Accused of pandering to the far-right ahead of France’s federal election in 2022, President Emmanuel Macron attempted a balancing act. In January 2021, the leader’s party said it would create a “memories and truth” commission on France’s painful colonial history and war with Algeria. In March, it released a report on the positive contributions of individuals of immigrant backgrounds called “Portraits of France.”
These initiatives are part of a broader effort to find alternative solutions to growing demands for the removal of statues and street names honoring historical figures that are connected to France’s colonial past, including its slave trade. Yet, at the same time, Macron and some of his ministers have been igniting emotions as they publicly denounce forces that they see as stoking so-called “separatism,” including what many see as Us-style political correctness and cancel culture—the latter of which is a largely unpopular but growing concept in France—as well as a perceived US-version of multiculturalism.
Recent events within and outside of France have further stoked this upheaval. The #MeToo movement has been met with uneven hostility. The October decapitation of a teacher who showed cartoons of the prophet Muhammad during a course on free speech has led to a new bill “against separatism,” which aims to combat Islamic radicalism. And the protests in the wake of the murder of George Floyd in the US last year have prompted renewed conversation about the nature of racism in France, and put the country’s old ways of cultural assimilation on trial.
Against this backdrop of a culture war that shows little signs of abating, artistic projects remain a powerful place for progressive discourse in France—even as some factions in the country move to denounce what many have called an “importation” of America’s discourse on identity politics.
Art and Politics
As warring factions argue over how to integrate populations of citizens descended from former colonies, a new resurgent left, notably marked by young people from within the very populations at the center of the issue, have been pushing back against the country’s “universalist” social model, which traditionally downplays—some would say ignores—cultural differences between citizens. The traditional style of governance aims to avoid what is often viewed as an Americanized version of warring ethnic and religious groups.
In a editorial from March, supporters of the president’s “Portraits of France” project said that playwrights, filmmakers, and painters should “seize upon these life stories and make works of art out of them that speak to our society and our world.” They added that “by ignoring a part of our shared past, we have made it harder to understand our present and to write our future.” This effort at reconciliation comes on the back of the French president’s breakthrough comments a few years ago on restitution, when he commissioned a special report advocating for the return of African art from public museums that had been taken “without consent,” tipping off the movement in Europe.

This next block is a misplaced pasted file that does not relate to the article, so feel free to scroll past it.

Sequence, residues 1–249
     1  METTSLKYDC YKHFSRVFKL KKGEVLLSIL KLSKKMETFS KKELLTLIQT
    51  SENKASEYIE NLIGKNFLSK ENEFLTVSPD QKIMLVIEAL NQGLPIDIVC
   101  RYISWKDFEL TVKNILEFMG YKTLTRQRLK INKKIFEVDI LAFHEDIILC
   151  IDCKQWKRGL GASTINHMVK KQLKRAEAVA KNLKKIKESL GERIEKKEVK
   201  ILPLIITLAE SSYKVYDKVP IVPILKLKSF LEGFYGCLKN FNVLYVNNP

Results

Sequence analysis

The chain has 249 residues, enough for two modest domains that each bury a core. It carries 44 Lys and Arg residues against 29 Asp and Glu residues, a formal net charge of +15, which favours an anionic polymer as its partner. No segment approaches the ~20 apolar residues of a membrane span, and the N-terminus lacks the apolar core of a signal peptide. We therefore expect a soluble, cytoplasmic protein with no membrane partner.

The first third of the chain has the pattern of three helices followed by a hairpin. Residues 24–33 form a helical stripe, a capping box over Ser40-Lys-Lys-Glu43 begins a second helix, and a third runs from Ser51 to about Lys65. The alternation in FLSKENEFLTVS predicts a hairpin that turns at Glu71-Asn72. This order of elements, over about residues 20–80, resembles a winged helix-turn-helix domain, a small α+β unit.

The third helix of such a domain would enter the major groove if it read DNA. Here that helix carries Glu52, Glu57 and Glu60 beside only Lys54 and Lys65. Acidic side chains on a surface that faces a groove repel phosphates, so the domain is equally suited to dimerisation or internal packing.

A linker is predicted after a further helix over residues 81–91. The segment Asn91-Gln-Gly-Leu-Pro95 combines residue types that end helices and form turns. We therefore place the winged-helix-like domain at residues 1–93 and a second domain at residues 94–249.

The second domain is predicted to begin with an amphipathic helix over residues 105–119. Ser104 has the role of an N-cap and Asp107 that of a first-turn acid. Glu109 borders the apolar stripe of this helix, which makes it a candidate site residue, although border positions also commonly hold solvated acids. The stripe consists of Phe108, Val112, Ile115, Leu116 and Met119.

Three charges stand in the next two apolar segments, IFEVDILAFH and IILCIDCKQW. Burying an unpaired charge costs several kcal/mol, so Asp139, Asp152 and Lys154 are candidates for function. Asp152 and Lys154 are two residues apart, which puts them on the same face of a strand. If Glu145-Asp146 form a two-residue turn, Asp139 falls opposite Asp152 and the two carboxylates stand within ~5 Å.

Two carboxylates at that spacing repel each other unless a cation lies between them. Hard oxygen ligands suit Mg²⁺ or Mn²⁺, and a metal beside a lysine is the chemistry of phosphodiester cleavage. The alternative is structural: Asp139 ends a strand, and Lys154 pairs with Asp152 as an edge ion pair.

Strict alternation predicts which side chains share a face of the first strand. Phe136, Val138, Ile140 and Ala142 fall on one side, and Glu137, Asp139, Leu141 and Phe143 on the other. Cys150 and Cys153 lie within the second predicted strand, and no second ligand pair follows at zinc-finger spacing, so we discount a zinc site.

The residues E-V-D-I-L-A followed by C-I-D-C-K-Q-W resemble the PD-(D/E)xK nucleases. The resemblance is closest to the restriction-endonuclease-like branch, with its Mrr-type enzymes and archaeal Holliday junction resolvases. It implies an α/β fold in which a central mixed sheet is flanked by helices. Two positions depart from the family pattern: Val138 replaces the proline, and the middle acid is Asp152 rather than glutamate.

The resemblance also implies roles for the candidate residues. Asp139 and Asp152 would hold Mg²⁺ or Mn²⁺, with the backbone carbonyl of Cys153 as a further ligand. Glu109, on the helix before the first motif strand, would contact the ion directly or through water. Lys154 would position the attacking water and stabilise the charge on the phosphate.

But these cultural in-roads are not always met with open arms. The executive branch of French government has specifically singled out academia, including the social science fields of post-colonial and intersectional studies, saying that these areas are under risk of influence from radical agendas that are pitting communities against each other. It also announced in February a sweeping investigation into the presence of “Islamo-gauchisme”—a term loosely referring to extreme-left activists who are “complacent” toward radical forms of Islamism or who apologize for terrorism—in universities. As a result, many are worried about censorship in schools and that scholarly research into the darker chapters of France’s history is under threat.
This debate spewed over into the art world when a government-commissioned portrait series of women publicly displayed in March in Paris, which was designed to celebrate diversity by featuring images of professionals from an array of different fields, sparked a vicious response. The photographs in “109 Mariannes” became fodder for controversy due to the inclusion of the young astrophysicist Fatoumata Kébé who was singled out for her headscarf. Angered that Kébé was chosen to emblematize “Marianne,” the personification of the French Republic often seen interpreted in art or on stamps, former spokesperson for the right-leaning Republican party, Lydia Guirou, was among the angry tweeters: “Marianne is not and will NEVER wear the headscarf!”